Ute Mountain Ute peace walk draws attention to uranium mill’s environmental and health impacts
The sun finally peaked out of the clouds over the White Mesa Community Center as a crowd of elders and toddlers, and activists of all ages, braced against the wind. Members of the Ute Mountain Ute tribe gather every year for the same purpose: to try to save their home for future generations.
Just outside the tiny community of White Mesa, Utah, sits a uranium mill the tribe believes is poisoning their land and people. Since 2017, they’ve held an annual spiritual walk and protest, demanding White Mesa Mill be moved or permanently shut down.
Like many who showed up here, Carl Moore is not from White Mesa. But Moore, part of the Hopi and Chemehuevi tribes, knew he had to drive in from Salt Lake City and bless the walk with a song.
“Basically, it's saying, you know, we're all related here,” he told the more than 100 people gathered around him. “Here we are, all of us. And it's a good day for us to be together.”
A bundle of sage burned at his feet as he sang to each of the cardinal directions.
The White Mesa mill isn’t just the only functioning uranium mill in the country. It is also a disposal site for radioactive waste from around the world. As the annual demonstration got underway, a car festooned with Indigenous flags played chants from a speaker and led a long procession onto Highway 191. People filled the shoulder of the main artery through southeastern Utah’s remote desert.
The protesters held up homemade signs and big banners, with messages like: “Keep Uranium in the Ground” and “Water is Life.”
Yolanda Badback, the protest’s founder, estimated this was their biggest walk ever.
“It’s amazing to see a lot of people, a lot of people from different tribes, who are out here to support,” she said.
Badback picked up the mantle of her late uncle, who also fought against the mill. Her brother, Michael Badback, said when the mill’s smoke stacks are going, “the smoke settles in White Mesa, and you can smell the sulfur.”
He blames the mill for increasing cases of asthma in the community’s kids and doing much worse to seniors.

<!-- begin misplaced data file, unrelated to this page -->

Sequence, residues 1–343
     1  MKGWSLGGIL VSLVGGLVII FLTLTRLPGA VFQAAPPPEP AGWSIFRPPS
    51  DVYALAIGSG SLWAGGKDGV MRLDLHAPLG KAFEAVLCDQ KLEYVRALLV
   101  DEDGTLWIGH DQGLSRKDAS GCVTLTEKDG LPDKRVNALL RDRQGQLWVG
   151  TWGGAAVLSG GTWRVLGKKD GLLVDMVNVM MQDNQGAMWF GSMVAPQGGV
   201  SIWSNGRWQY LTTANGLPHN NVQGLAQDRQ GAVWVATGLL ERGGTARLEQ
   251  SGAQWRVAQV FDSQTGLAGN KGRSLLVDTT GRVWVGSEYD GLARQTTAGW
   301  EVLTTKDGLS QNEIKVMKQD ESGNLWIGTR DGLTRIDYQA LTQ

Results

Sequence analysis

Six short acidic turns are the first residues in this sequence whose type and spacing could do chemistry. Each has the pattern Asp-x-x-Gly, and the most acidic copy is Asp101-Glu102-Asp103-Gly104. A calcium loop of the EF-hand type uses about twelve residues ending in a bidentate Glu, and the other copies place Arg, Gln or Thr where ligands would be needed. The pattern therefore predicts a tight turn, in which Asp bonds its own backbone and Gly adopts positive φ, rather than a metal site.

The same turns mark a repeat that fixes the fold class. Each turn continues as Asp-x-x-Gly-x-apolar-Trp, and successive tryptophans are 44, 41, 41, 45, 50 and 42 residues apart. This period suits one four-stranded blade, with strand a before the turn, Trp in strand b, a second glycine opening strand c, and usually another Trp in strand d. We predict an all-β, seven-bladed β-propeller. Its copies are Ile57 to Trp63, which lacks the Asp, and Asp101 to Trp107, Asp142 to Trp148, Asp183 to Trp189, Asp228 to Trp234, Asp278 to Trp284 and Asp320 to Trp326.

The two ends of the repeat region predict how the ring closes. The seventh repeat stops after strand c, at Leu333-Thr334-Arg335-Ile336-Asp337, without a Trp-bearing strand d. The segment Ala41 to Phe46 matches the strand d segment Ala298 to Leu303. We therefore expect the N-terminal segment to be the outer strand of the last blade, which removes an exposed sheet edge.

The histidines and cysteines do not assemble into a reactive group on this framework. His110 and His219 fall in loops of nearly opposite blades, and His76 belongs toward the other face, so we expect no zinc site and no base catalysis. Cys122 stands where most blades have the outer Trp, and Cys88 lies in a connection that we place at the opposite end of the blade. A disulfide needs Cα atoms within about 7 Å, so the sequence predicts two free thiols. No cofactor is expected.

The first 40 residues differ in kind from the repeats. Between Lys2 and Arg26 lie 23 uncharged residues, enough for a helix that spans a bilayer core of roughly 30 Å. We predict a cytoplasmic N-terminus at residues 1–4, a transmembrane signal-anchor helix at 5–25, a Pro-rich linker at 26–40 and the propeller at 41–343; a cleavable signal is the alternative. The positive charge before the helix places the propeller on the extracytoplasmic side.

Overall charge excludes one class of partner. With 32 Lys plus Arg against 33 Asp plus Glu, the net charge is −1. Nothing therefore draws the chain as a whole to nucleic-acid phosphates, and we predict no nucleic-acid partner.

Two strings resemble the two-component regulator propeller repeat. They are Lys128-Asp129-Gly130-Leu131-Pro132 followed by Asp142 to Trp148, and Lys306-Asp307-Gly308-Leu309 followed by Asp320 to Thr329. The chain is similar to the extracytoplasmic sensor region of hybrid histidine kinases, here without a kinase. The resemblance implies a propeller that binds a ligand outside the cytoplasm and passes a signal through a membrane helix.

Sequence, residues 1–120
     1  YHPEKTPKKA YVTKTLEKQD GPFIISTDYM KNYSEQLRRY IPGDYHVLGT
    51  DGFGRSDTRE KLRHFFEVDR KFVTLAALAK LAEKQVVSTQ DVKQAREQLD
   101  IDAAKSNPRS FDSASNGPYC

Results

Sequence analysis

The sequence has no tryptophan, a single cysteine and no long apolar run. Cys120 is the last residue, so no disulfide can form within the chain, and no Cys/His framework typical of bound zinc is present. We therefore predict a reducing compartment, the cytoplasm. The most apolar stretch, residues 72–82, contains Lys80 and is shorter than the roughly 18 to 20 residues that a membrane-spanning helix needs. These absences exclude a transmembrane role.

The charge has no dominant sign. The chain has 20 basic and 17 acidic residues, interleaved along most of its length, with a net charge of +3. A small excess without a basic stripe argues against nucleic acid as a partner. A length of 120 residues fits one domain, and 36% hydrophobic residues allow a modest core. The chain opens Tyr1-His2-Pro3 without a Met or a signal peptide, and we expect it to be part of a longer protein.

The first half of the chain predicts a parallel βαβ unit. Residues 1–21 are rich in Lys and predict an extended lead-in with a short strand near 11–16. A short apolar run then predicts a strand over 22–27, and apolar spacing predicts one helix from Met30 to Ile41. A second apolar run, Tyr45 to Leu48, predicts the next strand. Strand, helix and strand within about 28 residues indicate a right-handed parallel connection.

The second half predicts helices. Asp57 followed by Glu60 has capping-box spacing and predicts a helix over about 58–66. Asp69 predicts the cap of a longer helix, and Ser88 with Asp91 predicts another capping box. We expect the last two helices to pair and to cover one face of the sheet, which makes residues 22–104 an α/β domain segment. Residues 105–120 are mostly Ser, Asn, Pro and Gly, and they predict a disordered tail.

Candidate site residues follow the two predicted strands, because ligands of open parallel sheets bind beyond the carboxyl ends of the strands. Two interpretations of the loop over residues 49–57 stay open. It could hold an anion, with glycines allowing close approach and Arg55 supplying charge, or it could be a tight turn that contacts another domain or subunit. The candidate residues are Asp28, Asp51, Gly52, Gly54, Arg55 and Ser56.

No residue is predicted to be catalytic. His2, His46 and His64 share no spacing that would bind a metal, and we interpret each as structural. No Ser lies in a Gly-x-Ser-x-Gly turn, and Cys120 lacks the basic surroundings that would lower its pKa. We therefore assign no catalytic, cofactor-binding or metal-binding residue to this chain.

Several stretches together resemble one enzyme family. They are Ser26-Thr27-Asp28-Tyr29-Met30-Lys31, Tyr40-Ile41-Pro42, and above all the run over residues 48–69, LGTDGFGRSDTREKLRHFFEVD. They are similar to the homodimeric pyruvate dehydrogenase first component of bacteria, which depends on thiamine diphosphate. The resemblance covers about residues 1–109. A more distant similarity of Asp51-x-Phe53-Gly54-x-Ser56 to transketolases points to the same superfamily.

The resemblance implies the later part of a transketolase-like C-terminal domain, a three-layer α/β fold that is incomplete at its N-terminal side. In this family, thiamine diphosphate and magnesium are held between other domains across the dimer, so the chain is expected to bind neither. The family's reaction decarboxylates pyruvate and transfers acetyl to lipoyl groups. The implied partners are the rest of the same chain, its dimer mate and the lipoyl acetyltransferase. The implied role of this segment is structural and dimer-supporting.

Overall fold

“A lot of our elders mysteriously got sick, and a lot of them have passed,” Badback said, adding they still don’t know the cause.
NPR affiliate KSJD reports recently confirmed the tribe’s fear that radioactive contaminants have made their way into the groundwater. But the mill’s owner, Colorado company Energy Fuels, told the station it believes that is occuring naturally. A federally funded study on the mill’s potential health impacts is expected by 2025.
To those who support the mill, protester Rebecca Hammond had this to say: “Let’s put it in their backyards and see how they feel.”
Hammond lives in the Ute Mountain Ute capital of Towaoc, Colorado, but has family in White Mesa. She explained this land isn’t just where people live. It’s where they hunt and harvest plants for their medicine.
“You get everything you need out here. And when somebody else is destroying it for the sake of financial gain, you know, it's hard,” she said. “It's hard to try and be who your own culture is when somebody is still taking it away.”
The caravan of walkers, strollers and cars moved slowly, with several stops for water and snacks. A few hours later, they arrived at the mill’s turn off, where protesters stood under the mill’s big sign and held up their fists in resistance. A drone from an advocacy group buzzed above, shooting video and photos.
Michael Badback said he hoped the company and Utah legislators understand how serious they are about this.
“We just want our land to be safe and pure like it was hundreds of years ago,” he said.
No matter what, his family has vowed to keep the fight alive.
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